So, the question is do you get enough additional return to justify taking the risk? Aka, risk-adjusted return.

I assume that you agree with the number. The average return of the 90/10 is 0.4% lower for 4% to 5% lower risk of the worst year. If you agree with the number, I would ask you this question. Why is this a good bet? Think like a gambler. This is a 1 to 10 bet. You take the risk 4% to 5% additional loss in every year in order to get to get 0.4% additional average return. You're comparing apples to oranges. The very worst year out of over a hundred saw that 4% difference between 100% equity and 90/10%. Ergo, it was lower than that in all other years. So it is not a 1 to 10 bet, not by a long shot. Assuming that the single worst year for stocks was -43%, and their long-term return is 10.1%, you would call that a 1 to 4.3 bet, which makes it seem that the odds are stacked against you. If so, why are you in equities at all? Your analogy is flawed.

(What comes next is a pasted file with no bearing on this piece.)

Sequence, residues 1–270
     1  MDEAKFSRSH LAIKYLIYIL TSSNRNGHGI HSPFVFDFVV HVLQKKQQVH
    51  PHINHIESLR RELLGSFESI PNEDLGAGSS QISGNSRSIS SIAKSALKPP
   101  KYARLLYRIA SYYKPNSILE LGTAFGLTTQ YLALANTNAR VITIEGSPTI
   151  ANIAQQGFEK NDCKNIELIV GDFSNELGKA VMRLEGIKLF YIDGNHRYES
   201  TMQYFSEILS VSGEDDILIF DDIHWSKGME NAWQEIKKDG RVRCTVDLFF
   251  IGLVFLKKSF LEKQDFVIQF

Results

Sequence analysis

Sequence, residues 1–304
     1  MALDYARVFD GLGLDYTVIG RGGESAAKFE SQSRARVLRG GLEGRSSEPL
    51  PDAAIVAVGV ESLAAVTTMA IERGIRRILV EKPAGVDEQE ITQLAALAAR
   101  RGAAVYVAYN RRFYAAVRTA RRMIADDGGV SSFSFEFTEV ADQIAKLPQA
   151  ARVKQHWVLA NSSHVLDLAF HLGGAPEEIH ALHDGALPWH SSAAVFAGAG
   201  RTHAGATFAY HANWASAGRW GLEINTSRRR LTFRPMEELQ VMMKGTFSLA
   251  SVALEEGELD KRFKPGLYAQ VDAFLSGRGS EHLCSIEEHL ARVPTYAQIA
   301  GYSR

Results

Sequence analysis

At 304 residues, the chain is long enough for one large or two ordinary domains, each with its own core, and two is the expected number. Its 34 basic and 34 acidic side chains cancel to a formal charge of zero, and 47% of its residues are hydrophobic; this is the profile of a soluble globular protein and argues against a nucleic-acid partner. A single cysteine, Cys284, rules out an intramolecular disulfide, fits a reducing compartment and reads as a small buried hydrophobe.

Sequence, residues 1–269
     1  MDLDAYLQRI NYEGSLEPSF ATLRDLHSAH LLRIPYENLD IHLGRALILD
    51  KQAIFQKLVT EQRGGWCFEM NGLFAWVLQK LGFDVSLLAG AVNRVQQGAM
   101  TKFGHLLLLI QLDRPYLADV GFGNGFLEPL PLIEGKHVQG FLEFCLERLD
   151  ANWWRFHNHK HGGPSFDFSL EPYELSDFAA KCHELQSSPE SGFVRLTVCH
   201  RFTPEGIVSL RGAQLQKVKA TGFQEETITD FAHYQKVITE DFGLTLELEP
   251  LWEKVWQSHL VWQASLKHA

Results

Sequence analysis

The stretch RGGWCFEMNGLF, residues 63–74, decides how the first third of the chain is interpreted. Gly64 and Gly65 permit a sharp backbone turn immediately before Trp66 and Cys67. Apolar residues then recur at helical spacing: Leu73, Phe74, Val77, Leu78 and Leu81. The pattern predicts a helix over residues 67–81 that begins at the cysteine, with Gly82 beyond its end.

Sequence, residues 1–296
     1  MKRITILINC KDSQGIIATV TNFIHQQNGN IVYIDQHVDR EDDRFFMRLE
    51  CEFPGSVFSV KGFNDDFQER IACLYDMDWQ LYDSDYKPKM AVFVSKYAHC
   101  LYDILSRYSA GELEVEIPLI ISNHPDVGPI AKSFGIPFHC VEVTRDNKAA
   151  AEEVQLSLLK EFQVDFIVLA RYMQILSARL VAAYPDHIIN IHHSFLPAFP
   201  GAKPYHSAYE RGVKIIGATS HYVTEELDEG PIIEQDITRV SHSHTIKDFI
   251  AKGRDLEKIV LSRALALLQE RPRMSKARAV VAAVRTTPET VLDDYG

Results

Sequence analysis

Tell me why do you think 100/0 is better than 90/10? The bottom line: higher returns, which you do not dispute.
Your 64/36 portfolio has greater risk than a 60/40 portfolio. Why do you think it is better? Based on history, it is more volatile. Why not a 70/30 portfolio? Based on history, it has higher returns.

This is a personal assessment, not an objective one.
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Re: Why go with an 80% stock / 20% bond portfolio?

Post by pkcrafter »

Will wrote: However, what I cannot understand is why an investor would be attracted to a 90% or 80% equity portfolio with the rest held in bonds.